(Anne Eller of SCRN affiliate WLMA in Greenwood contributed to this report)
Congressman Mick Mulvaney of the 5th District says he’s not optimistic Congress will pass a continuing resolution by Friday’s deadline in order to avert a government shutdown. During an interview with affiliate WLMA in Greenwood, Mulvaney said any short-term budget would need to be passed immediately.
The rules require that any bill we put forward has to be available to the public for three days, which means that we have to go ahead and get it by Monday or Tuesday… I don’t think we’re close. The Senate is simply refusing to have these meaningful discussions.
Two short-term continuing resolutions have been passed so far this year. The current one expires April 8.
The problem is that the Republican-controlled House wants to make $61 billion in cuts, while the Democratic Senate is only asking for $10 billion. Both sides are in negotiations to meet in the middle at $33 million, but it did not appear that a deal had been reached by Sunday night.
However, Mulvaney doesn’t think a “shutdown” would be as bad as it’s being portrayed, saying it would be more accurate to call it a “slowdown.”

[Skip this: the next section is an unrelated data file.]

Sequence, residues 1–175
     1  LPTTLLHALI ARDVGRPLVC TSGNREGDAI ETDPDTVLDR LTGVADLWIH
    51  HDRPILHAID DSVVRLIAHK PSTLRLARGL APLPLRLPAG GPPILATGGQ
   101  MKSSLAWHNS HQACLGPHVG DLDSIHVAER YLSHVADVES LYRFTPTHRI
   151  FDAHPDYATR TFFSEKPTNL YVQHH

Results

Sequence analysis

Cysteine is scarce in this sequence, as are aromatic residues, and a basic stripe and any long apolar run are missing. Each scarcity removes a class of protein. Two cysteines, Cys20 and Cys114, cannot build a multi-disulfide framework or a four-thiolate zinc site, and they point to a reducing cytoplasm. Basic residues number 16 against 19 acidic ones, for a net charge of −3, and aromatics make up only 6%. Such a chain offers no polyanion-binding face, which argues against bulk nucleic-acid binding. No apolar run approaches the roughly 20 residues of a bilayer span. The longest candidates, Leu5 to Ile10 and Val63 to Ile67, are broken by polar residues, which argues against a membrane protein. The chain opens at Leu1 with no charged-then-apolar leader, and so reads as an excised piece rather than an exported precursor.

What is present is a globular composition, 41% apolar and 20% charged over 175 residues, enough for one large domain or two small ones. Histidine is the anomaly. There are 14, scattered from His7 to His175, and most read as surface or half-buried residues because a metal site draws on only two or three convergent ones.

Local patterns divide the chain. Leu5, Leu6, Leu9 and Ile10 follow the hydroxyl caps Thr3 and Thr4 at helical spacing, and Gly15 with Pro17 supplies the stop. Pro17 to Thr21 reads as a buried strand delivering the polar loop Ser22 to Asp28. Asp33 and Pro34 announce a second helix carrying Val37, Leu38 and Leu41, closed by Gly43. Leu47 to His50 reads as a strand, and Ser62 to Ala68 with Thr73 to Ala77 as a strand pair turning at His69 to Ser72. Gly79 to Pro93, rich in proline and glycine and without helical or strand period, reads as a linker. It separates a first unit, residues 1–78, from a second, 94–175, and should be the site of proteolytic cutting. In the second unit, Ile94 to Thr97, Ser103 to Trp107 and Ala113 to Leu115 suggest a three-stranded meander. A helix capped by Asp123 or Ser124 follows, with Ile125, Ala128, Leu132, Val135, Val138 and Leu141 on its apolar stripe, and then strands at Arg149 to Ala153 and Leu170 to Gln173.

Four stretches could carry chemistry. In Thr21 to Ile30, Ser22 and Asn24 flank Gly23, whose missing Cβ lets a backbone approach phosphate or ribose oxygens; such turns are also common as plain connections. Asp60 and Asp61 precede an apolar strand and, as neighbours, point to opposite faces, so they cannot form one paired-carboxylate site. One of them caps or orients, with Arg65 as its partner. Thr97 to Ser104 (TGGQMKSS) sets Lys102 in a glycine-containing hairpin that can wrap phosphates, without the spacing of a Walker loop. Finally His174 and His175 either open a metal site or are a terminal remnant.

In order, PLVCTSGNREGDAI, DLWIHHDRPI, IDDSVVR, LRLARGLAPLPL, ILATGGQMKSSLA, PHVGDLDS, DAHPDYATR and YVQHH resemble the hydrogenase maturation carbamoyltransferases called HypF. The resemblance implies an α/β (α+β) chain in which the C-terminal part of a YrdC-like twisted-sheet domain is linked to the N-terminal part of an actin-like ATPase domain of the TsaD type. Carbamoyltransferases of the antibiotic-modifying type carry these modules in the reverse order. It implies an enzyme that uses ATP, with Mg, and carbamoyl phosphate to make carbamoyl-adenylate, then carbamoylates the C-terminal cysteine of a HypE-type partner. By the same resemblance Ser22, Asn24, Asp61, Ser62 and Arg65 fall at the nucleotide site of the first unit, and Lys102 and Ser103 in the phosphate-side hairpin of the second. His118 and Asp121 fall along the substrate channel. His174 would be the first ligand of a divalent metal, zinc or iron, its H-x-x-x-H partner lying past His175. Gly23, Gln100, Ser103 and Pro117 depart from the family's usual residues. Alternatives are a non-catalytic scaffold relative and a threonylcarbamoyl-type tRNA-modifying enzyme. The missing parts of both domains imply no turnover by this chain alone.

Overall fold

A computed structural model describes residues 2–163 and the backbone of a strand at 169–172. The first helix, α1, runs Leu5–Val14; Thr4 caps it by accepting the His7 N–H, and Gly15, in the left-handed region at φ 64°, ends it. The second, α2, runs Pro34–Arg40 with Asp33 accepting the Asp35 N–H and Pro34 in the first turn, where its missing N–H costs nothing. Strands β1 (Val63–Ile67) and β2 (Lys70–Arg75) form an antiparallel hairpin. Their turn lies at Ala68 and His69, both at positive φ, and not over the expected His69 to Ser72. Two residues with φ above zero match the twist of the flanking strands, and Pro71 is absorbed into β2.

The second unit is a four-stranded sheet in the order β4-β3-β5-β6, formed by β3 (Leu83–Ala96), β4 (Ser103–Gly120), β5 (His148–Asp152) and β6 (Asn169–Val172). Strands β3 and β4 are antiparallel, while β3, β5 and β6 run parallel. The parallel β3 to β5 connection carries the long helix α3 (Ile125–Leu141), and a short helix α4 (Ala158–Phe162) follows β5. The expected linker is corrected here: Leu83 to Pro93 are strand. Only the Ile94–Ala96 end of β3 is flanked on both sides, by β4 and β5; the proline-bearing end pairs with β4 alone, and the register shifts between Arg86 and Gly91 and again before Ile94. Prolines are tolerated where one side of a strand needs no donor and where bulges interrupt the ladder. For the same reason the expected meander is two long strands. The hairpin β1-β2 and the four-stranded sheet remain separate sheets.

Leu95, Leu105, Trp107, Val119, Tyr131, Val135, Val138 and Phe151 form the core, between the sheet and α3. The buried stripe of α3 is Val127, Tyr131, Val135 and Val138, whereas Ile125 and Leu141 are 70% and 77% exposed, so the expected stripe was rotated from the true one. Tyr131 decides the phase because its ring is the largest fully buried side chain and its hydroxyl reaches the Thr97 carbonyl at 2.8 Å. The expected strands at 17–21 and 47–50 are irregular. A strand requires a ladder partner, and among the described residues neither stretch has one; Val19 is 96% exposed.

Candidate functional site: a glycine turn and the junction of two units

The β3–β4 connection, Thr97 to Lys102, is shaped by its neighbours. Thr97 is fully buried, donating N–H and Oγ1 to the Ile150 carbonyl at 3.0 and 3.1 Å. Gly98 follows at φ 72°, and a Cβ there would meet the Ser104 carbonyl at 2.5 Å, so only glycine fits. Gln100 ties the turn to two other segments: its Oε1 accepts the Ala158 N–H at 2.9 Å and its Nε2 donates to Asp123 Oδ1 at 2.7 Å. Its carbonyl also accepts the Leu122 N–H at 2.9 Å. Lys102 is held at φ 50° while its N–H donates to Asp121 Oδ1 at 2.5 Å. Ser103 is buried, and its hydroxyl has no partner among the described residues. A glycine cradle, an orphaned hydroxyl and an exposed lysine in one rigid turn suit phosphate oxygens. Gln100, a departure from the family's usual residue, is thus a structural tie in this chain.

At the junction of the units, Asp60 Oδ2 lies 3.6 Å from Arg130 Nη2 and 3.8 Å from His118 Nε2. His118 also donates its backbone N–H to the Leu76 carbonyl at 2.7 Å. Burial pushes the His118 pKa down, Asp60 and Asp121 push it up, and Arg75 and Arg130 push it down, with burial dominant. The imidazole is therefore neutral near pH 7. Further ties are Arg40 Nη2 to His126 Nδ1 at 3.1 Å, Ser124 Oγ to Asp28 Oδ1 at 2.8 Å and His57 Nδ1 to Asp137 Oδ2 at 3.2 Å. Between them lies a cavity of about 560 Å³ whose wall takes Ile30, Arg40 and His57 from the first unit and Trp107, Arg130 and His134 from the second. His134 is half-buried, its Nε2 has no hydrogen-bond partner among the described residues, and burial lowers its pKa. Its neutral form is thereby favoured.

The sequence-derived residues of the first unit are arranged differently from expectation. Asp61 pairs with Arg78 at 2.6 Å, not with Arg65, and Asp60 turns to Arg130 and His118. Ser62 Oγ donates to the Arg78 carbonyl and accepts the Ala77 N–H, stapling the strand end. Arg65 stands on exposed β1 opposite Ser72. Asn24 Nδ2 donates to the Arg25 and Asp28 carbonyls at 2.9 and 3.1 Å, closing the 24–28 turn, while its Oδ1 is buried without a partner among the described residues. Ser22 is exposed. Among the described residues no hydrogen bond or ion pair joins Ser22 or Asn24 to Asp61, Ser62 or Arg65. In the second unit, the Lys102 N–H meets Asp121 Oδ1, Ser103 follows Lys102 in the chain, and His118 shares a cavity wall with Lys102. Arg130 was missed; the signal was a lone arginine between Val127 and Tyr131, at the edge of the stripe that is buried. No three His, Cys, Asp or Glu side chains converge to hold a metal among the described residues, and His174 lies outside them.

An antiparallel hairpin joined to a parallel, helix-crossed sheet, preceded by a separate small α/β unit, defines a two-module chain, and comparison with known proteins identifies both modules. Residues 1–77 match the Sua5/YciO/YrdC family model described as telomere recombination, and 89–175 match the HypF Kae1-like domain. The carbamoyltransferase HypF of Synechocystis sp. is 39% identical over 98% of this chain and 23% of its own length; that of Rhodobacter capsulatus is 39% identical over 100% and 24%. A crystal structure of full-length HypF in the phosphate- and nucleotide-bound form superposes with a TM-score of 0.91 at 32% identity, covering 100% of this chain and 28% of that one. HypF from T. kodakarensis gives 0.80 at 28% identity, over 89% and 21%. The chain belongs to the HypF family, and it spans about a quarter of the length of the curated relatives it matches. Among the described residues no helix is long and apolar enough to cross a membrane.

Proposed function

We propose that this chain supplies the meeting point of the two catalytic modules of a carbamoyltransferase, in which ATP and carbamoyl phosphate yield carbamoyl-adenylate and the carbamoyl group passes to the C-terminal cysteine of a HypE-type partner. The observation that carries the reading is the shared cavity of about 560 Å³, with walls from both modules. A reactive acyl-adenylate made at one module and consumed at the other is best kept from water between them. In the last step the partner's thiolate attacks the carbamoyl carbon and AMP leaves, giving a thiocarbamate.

It used to be an ordinary course of business. Do I think it’ll end up a political ballyhoo? Sure, because everybody will write about it. You’ll see… it on the news every single night. The truth of the matter is, though, that it isn’t as big of a deal as people make it out to be as long– as it doesn’t last a long period of time.
He says part of the problem is that few people on either side of the aisle realize how serious the budget situation is.
I hear out of my own party’s mouth… this line: “I know times are tough, but,” and then there’s some inevitable request for additional money. When I hear that, it means to me that people simply don’t understand the situation that we’re in.
Mulvaney opposed the previous two resolutions, but said he’d be open to voting for a compromise on one condition: if $5 billion set aside to implement the new health care law was removed.